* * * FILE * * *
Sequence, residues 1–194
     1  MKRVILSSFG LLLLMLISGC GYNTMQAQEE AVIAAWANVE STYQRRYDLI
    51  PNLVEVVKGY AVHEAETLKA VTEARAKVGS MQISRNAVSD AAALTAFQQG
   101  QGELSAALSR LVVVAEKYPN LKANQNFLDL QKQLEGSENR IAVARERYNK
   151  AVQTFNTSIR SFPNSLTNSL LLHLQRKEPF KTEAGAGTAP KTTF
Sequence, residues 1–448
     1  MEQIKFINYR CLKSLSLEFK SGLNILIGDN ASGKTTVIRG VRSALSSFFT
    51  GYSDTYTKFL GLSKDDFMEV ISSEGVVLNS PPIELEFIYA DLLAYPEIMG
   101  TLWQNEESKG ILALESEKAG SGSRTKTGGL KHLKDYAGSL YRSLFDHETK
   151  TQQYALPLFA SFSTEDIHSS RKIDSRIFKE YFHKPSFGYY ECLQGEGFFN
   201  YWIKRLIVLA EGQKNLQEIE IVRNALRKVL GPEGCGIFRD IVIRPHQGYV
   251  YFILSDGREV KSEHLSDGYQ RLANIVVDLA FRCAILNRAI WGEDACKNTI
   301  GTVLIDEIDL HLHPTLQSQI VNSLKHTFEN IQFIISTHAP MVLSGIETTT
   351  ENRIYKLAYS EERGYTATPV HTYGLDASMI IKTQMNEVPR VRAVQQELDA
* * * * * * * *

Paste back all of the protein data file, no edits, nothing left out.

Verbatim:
Sequence, residues 1–194
     1  MKRVILSSFG LLLLMLISGC GYNTMQAQEE AVIAAWANVE STYQRRYDLI
    51  PNLVEVVKGY AVHEAETLKA VTEARAKVGS MQISRNAVSD AAALTAFQQG
   101  QGELSAALSR LVVVAEKYPN LKANQNFLDL QKQLEGSENR IAVARERYNK
   151  AVQTFNTSIR SFPNSLTNSL LLHLQRKEPF KTEAGAGTAP KTTF
Sequence, residues 1–448
     1  MEQIKFINYR CLKSLSLEFK SGLNILIGDN ASGKTTVIRG VRSALSSFFT
    51  GYSDTYTKFL GLSKDDFMEV ISSEGVVLNS PPIELEFIYA DLLAYPEIMG
   101  TLWQNEESKG ILALESEKAG SGSRTKTGGL KHLKDYAGSL YRSLFDHETK
   151  TQQYALPLFA SFSTEDIHSS RKIDSRIFKE YFHKPSFGYY ECLQGEGFFN
   201  YWIKRLIVLA EGQKNLQEIE IVRNALRKVL GPEGCGIFRD IVIRPHQGYV
   251  YFILSDGREV KSEHLSDGYQ RLANIVVDLA FRCAILNRAI WGEDACKNTI
   301  GTVLIDEIDL HLHPTLQSQI VNSLKHTFEN IQFIISTHAP MVLSGIETTT
   351  ENRIYKLAYS EERGYTATPV HTYGLDASMI IKTQMNEVPR VRAVQQELDA